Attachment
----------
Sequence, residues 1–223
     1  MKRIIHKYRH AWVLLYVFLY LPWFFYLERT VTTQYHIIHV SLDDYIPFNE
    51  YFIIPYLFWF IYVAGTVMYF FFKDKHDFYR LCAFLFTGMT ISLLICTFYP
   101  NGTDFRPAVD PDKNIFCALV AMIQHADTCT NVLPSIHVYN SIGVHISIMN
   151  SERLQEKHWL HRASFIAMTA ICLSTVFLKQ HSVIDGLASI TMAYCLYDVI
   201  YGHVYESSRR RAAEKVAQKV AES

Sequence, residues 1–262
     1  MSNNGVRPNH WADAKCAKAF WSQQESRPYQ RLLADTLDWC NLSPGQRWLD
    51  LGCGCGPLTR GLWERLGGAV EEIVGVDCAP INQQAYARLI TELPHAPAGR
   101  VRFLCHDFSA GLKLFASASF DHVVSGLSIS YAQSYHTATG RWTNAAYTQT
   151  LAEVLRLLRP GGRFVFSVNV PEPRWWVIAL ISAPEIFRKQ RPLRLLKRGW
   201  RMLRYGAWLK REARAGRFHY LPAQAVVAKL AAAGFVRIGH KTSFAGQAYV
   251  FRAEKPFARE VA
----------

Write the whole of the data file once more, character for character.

Sequence, residues 1–223
     1  MKRIIHKYRH AWVLLYVFLY LPWFFYLERT VTTQYHIIHV SLDDYIPFNE
    51  YFIIPYLFWF IYVAGTVMYF FFKDKHDFYR LCAFLFTGMT ISLLICTFYP
   101  NGTDFRPAVD PDKNIFCALV AMIQHADTCT NVLPSIHVYN SIGVHISIMN
   151  SERLQEKHWL HRASFIAMTA ICLSTVFLKQ HSVIDGLASI TMAYCLYDVI
   201  YGHVYESSRR RAAEKVAQKV AES

Sequence, residues 1–262
     1  MSNNGVRPNH WADAKCAKAF WSQQESRPYQ RLLADTLDWC NLSPGQRWLD
    51  LGCGCGPLTR GLWERLGGAV EEIVGVDCAP INQQAYARLI TELPHAPAGR
   101  VRFLCHDFSA GLKLFASASF DHVVSGLSIS YAQSYHTATG RWTNAAYTQT
   151  LAEVLRLLRP GGRFVFSVNV PEPRWWVIAL ISAPEIFRKQ RPLRLLKRGW
   201  RMLRYGAWLK REARAGRFHY LPAQAVVAKL AAAGFVRIGH KTSFAGQAYV
   251  FRAEKPFARE VA